Drexel University, People’s Emergency Center and Fresh Start Foods revealed a new partnership Nov. 20 that would involve the production of fresh, nutritional, low-cost meals to low-income communities and homeless families. They will also offer food service apprenticeship program for young adults with little to no educational experience or job training.
The product of this partnership, Fresh Start Foods West Philadelphia, will be providing meals to local West Philadelphia schools and also to families directly through a retail store. Though this project was organized only about two years ago, it has already received over $700,000 in federal and state grants and has found support from the Pennsylvania Department of Community & Economic Development and U.S. Department of Health and Human Services’ Healthy Food Financing Initiative, according to its press release.
|Drexel University’s role in this partnership will be to provide food service training to the apprentices who will gain certifications in food handling, as well as careers with Fresh Start Food West Philadelphia where they will receive steady incomes as well as employee benefits. According to Jonathan Deutsch, professor and founding director for the Center for Hospitality and Sport Management, the training will closely resemble the curriculum taught to Drexel culinary students in technique and basic culinary classes. Additionally, Drexel assisted in providing 150 recipes, created and tested in the Drexel Food Lab.These recipes utilize an approach “where they take fresh fruits and vegetables and … disguise them,” Deutsch said. “The idea is not to sneak vegetables in … but just to get students, kids, eating as many … fresh fruits and vegetables as possible, sometimes in a formal way where things are definitely vegetables, and sometimes just as a part of something else, like a muffin or dessert.”|
People’s Emergency Center focuses mostly on serving homeless single mothers and their children. Founded in 1972, PEC was originally intended, in part, to allow Drexel and University of Pennsylvania students learn about and battle the problems of homelessness that surrounded their local communities.
Fresh Start Foods is an organization dedicated to creating menus and recipes full of nutrition, flavor and visual appeal in order to feed communities that are currently under-served in affordable nutrition and fresh food options. FSF intends to employ and provide training and education to otherwise underprivileged young adults in urban communities. The main targets for FSF are local schools. “Schools and childcare centers are excellent places to begin introducing better foods to young people in large numbers,” the organization’s website states.
In partnering with the PEC, FSF will have an opportunity reach families who are especially needy and will also be able to work with an organization that already has its foundation.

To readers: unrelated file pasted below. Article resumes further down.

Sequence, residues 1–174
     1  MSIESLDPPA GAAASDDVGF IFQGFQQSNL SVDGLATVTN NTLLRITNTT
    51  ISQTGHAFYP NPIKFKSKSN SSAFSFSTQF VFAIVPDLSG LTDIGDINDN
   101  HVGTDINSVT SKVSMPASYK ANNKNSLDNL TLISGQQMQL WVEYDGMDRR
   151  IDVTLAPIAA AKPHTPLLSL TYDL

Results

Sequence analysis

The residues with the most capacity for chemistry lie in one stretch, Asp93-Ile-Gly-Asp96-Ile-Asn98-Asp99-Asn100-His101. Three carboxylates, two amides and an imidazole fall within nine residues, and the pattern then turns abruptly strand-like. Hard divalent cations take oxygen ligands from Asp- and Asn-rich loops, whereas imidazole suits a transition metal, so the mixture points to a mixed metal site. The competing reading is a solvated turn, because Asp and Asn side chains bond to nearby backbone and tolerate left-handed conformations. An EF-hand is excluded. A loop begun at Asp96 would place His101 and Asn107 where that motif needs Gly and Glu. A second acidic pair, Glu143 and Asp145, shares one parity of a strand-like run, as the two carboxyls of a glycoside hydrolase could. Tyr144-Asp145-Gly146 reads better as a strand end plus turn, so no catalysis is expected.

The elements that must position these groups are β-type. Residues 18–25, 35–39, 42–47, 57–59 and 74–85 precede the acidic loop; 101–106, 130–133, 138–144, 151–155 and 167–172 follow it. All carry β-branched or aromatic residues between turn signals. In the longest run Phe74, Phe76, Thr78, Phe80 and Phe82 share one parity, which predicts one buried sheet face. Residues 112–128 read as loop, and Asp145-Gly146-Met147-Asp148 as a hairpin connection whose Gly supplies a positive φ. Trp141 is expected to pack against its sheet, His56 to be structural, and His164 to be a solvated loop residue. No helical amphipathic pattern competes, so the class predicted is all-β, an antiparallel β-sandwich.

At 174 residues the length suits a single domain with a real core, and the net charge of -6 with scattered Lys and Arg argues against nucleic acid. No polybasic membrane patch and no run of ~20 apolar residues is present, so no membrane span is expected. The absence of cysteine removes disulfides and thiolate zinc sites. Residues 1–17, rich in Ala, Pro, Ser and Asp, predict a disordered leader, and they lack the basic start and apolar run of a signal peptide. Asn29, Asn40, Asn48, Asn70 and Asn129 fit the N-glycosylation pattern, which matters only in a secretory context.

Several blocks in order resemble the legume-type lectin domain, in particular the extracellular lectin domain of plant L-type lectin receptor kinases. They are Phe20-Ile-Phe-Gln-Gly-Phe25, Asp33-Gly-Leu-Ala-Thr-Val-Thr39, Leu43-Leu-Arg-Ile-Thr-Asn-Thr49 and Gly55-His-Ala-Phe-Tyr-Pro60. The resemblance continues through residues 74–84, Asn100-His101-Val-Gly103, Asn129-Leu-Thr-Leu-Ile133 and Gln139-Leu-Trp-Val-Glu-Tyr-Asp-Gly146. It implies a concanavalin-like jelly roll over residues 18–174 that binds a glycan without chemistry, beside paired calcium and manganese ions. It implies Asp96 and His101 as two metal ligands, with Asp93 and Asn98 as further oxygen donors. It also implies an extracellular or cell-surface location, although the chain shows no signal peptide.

Jay Guben is one of the leading forces behind Fresh Start Foods Philadelphia, which was officially incorporated in 2013. Previously, Guben was a founder and director of the Restaurant School and also founded and ran over ten restaurants from 1970-1990.
Guben, his wife, Mary, and co-leader Tom Burns had talked about the ideas behind FSF for a while, before deciding to try it out and make something concrete in the creation of Fresh Start Foods West Philadelphia. Guben and his wife now work primarily on the FSF project.
“[Hunger is] a global issue … The question was whether we could create a model that could be duplicated in many other places,” Guben said.
Now that the project is coming to fruition with training scheduled to start in late March.
Guben explained how one of his biggest hopes for the program is that Drexel approaches this partnership in a way that will include more and more student involvement over time. “One of the things that we’ve talked to Drexel about is that they offer a change in the traditional food program to include a section that really looks at the food issue in a larger scale: [not] just cooking for fine restaurants, but … how [to] make food for the public at large, and the world at large. … One of the things that we were hoping is that we would find students who would be interested in trying to do that work as their placement,” he said.
On the Drexel side of the project, Deutsch also shared his excitement for this partnership, and what it may mean for our community in the future. “We are really pleased … and proud to be asked to partner on this,” he said, “We think it’s a great thing that PEC and Fresh Start Foods are doing, and we’re thrilled to support them, improving lunch options for kids in the neighborhood.”
While it’s important for students to recognize and comprehend the situation in the communities around them, Deutsch added that it is also very important that it be students who attempt to solve these problems.